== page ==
Skip to main content

Elaboration of bio-based building materials made from recycled olive core

A Correction to this article was published on 17 August 2021

This article has been updated

Highlights

  • Use of olive core wastes as sand in self-compacting mortar (SCM).

  • The behavior of SCM with olive core waste is evaluated by the physico-mechanical and thermal properties of different mixes.

  • The bulk density and thermal conductivity are improved by using of olive core wastes.

Abstract

The recycling of organic wastes in the field of civil engineering is a very important process as long as the products to be obtained are not subjected to stringent quality standards. This research is a part of the general policy of saving energy and protecting the environment. Its aim is to study the possibility of developing a new insulating building material by recycling vegetable waste from the olive processing industry (olive core) that discarded in nature. After having been sorted, dried and then extruded in the form of grains, these wastes are incorporated as fine aggregate (sand) in the manufacturing of self-compacting mortar (SCM) by substituting the mass of sand with different percentages (10, 20, 30 40 and 50%). The physico-mechanical and thermal properties of the obtained SCMs are analyzed and compared to the control. The results of this study show a decrease in density and compressive strength of SCM by increasing the content of olive core wastes. However, the thermal properties of SCM are improved through replacing sand by such wastes, which could allow using olive waste core based SCM in various types of nonstructural components with intriguing insulating properties.

Graphic abstract

This is a preview of subscription content, access via your institution.

Figure 1
Figure 2
Figure 3
Figure 4
Figure 5
Figure 6
Figure 7
Figure 8
Figure 9
Figure 10
Figure 11
Figure 12
Figure 13

Change history

References

  1. 1.

    A. Demirbas, Potential applications of renewable energy sources, biomass combustion problems in boiler power systems and combustion related environmental issues. Prog. Energy Combust. Sci. 31(2), 171–192 (2005). https://doi.org/10.1016/j.pecs.2005.02.002

    CAS  Article  Google Scholar 

  2. 2.

    S. Mucahit, Influence of expanded vermiculite on physical properties and thermal conductivity of clay bricks. Ceram. Int. 41(2), 2819–2827 (2015). https://doi.org/10.1016/j.ceramint.2014.10.102

    CAS  Article  Google Scholar 

  3. 3.

    J. J. Del Coz Díaz, P. J. García Nieto, J. Domínguez Hernández, A. Suárez Sánchez, Thermal design optimization of lightweight concrete blocks for internal one way spanning slabs floors by FEM, Energy Build. 41 (12), 1276–1287 (2009). https://doi.org/10.1016/j.enbuild.2009.08.005

  4. 4.

    S. Mucahit, A. Sedat, The use of recycled paper processing residues in making porous brick with reduced thermal conductivity. Ceram. Int. 35(7), 2625–2631 (2009). https://doi.org/10.1016/j.ceramint.2009.02.027

    CAS  Article  Google Scholar 

  5. 5.

    D.G. Leo Samuel, K. Dharmasastha, S.M. Nagendra, M. Prakash Maiya, Thermal comfort in traditional buildings composed of local and modern construction materials. Int. J. Sustain. Built Environ. 6(2), 463–475 (2017). https://doi.org/10.1016/j.ijsbe.2017.08.001

    Article  Google Scholar 

  6. 6.

    S. Alkheder, Y.T. Obaidat, M. Taamneh, Effect of olive waste (husk) on behavior of cement paste. Case Stud. Construc. Mater. 5, 19–25 (2016). https://doi.org/10.1016/j.cscm.2016.05.001

    Article  Google Scholar 

  7. 7.

    M.S. Al-Homoud, Performance characteristics and practical applications of common building thermal insulation materials. Build. Environ. 40(3), 353–366 (2005). https://doi.org/10.1016/j.buildenv.2004.05.013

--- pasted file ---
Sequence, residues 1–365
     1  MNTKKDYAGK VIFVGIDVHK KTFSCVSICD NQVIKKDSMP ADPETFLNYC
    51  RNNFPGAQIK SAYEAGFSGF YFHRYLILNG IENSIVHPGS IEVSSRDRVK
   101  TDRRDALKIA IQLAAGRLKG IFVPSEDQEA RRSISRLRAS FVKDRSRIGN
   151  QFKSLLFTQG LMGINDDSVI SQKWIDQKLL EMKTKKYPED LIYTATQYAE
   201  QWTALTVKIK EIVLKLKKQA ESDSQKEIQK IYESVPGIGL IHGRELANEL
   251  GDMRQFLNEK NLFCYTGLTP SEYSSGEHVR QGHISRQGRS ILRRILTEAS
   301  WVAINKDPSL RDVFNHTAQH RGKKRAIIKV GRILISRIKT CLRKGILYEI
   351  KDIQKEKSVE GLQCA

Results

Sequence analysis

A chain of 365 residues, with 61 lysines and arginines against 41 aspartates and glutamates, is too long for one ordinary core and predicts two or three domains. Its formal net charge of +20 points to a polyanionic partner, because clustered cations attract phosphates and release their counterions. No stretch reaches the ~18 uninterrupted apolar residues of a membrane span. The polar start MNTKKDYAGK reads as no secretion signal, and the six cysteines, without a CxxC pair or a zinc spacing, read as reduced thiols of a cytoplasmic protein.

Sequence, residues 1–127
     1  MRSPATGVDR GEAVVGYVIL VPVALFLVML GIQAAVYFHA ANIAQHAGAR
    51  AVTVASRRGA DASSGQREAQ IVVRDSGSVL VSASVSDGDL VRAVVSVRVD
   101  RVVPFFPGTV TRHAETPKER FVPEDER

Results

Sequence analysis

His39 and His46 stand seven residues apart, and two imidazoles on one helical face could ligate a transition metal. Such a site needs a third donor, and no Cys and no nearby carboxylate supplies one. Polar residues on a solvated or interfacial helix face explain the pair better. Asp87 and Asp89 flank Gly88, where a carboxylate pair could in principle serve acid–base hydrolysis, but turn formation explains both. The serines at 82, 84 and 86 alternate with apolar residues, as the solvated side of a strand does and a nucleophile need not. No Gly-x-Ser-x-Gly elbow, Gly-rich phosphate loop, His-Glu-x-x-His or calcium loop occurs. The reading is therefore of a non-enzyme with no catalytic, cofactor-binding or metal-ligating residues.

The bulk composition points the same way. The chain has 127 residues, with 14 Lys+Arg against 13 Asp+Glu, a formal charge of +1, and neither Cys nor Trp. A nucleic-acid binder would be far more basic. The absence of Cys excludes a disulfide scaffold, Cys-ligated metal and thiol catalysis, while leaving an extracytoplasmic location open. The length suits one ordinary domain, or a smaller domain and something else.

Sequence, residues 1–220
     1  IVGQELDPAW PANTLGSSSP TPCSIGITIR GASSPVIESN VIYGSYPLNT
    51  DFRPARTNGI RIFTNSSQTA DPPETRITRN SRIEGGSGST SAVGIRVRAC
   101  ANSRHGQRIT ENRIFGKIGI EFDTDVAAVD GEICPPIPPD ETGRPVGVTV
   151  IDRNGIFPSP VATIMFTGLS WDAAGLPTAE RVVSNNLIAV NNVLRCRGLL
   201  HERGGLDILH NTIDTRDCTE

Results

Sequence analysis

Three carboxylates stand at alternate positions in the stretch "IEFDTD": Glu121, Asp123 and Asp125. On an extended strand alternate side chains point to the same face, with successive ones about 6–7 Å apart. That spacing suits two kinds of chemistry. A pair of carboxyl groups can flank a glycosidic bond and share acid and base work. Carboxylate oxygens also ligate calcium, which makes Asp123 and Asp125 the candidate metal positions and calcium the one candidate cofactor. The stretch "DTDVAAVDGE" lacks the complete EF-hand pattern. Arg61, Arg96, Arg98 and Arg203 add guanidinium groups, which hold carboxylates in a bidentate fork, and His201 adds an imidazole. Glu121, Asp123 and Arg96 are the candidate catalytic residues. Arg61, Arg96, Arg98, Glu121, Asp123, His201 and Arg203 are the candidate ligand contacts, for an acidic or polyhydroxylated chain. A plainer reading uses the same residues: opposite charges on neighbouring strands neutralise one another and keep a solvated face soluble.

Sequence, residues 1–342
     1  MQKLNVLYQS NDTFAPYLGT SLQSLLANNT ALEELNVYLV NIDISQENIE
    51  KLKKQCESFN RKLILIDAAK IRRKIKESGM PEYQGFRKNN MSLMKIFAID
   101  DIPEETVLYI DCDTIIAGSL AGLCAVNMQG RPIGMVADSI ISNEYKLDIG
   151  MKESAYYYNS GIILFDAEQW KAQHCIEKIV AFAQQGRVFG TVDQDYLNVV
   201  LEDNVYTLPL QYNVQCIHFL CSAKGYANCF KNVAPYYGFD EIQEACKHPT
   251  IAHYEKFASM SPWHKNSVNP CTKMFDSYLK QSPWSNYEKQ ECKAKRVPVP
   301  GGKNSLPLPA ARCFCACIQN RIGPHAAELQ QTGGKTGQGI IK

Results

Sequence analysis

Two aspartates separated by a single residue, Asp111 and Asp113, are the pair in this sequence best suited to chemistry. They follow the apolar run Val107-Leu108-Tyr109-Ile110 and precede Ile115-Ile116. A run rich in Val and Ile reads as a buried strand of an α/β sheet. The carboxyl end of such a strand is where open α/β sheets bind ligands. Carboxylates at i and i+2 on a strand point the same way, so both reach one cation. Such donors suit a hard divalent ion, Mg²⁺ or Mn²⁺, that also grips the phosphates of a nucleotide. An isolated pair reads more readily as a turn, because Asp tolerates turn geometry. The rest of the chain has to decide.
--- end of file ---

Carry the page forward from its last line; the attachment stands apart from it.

Article  Google Scholar 

  8. 8.

    M.A. Nabil, M. Al-A, F.A. Khaled, Mousa, , Performance of olive waste ash concrete exposed to elevated temperatures. Fire Saf. J. 44(3), 370–375 (2009). https://doi.org/10.1016/j.firesaf.2008.08.006

    CAS  Article  Google Scholar 

  9. 9.

    A.P. Gursel, H. Maryman, C. Ostertag, A life-cycle approach to environmental, mechanical, and durability properties of green concrete mixes with rice husk ash. J. Clean. Prod. 112(1), 823–836 (2016). https://doi.org/10.1016/j.jclepro.2015.06.029

    Article  Google Scholar 

  10. 10.

    M. Guendouz, F. Debieb, O. Boukendakdji, E.H. Kadri, M. Bentchikou, H. Soualhi, Use of plastic waste in sand concrete. J. Mater. Environ. Sci. 7(2), 382–389 (2016)

    CAS  Google Scholar 

  11. 11.

    T. Blankendaal, P. Schuur, H. Voordijk, Reducing the environmental impact of concrete and asphalt: a scenario approach. J. Clean. Prod. 66, 27–36 (2014). https://doi.org/10.1016/j.jclepro.2013.10.012

    Article  Google Scholar 

  12. 12.

    D. Boukhelkhal, O. Boukendakdji, S. Kenai, E.H. Kadri, Combined effect of mineral admixture and curing temperature on mechanical behavior and porosity of SCC. Adv. Concret. Construc. 6(1), 69–85 (2018). https://doi.org/10.12989/acc.2018.6.1.069

    Article  Google Scholar 

  13. 13.

    K.H. Mo, U.J. Alengaram, M.Z. Jumaat, S.P. Yap, Feasibility study of high volume slag as cement replacement for sustainable structural lightweight oil palm shell concrete. J. Clean. Prod. 91, 297–304 (2015). https://doi.org/10.1016/j.jclepro.2014.12.021

    Article  Google Scholar 

  14. 14.

    H. Zhao, W. Sun, X. Wu, B. Gao, The properties of the self-compacting concrete with fly ash and ground granulated blast furnace slag mineral admixtures. J. Clean. Prod. 95, 66–74 (2015). https://doi.org/10.1016/j.jclepro.2015.02.050

    Article  Google Scholar 

  15. 15.

    B. Zhang, C.S. Poon, Use of furnace bottom ash for producing lightweight aggregate with thermal insulation properties. J. Clean. Prod. 99, 94–100 (2015). https://doi.org/10.1016/j.jclepro.2015.03.007

    CAS  Article  Google Scholar 

  16. 16.

    M. Singh, R. Siddique, Properties of concrete containing high volumes of coal bottom ash as fine aggregate. J. Clean. Prod. 91, 269–278 (2015). https://doi.org/10.1016/j.jclepro.2014.12.026

    Article  Google Scholar 

  17. 17.

    M. Guendouz, D. Boukhelkhal, Properties of flowable sand concrete containing ceramic wastes. J. Adhesion Sci Technol. 33(24), 2661–2683 (2019). https://doi.org/10.1080/01694243.2019.1653594

    CAS  Article  Google Scholar 

  18. 18.

    M. Guendouz, D. Boukhelkhal, A. Bourdot, O. Babachikh, A. Hamadouche, The effect of ceramic wastes on physical and mechanical properties of eco-friendly flowable sand concrete. Ceramic Materials. IntechOpen. 10, 2 (2020). https://doi.org/10.5772/intechopen.95041